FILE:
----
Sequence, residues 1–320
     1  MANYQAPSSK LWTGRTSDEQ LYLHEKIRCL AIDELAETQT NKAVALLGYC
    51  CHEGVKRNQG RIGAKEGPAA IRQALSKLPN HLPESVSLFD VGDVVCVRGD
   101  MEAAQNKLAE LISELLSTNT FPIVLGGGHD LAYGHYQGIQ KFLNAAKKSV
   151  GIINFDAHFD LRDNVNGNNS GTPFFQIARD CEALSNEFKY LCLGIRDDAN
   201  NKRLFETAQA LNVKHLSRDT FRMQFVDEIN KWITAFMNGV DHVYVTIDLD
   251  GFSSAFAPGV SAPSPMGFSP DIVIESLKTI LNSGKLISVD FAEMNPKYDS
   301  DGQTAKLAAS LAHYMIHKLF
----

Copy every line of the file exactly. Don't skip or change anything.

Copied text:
Sequence, residues 1–320
     1  MANYQAPSSK LWTGRTSDEQ LYLHEKIRCL AIDELAETQT NKAVALLGYC
    51  CHEGVKRNQG RIGAKEGPAA IRQALSKLPN HLPESVSLFD VGDVVCVRGD
   101  MEAAQNKLAE LISELLSTNT FPIVLGGGHD LAYGHYQGIQ KFLNAAKKSV
   151  GIINFDAHFD LRDNVNGNNS GTPFFQIARD CEALSNEFKY LCLGIRDDAN
   201  NKRLFETAQA LNVKHLSRDT FRMQFVDEIN KWITAFMNGV DHVYVTIDLD
   251  GFSSAFAPGV SAPSPMGFSP DIVIESLKTI LNSGKLISVD FAEMNPKYDS
   301  DGQTAKLAAS LAHYMIHKLF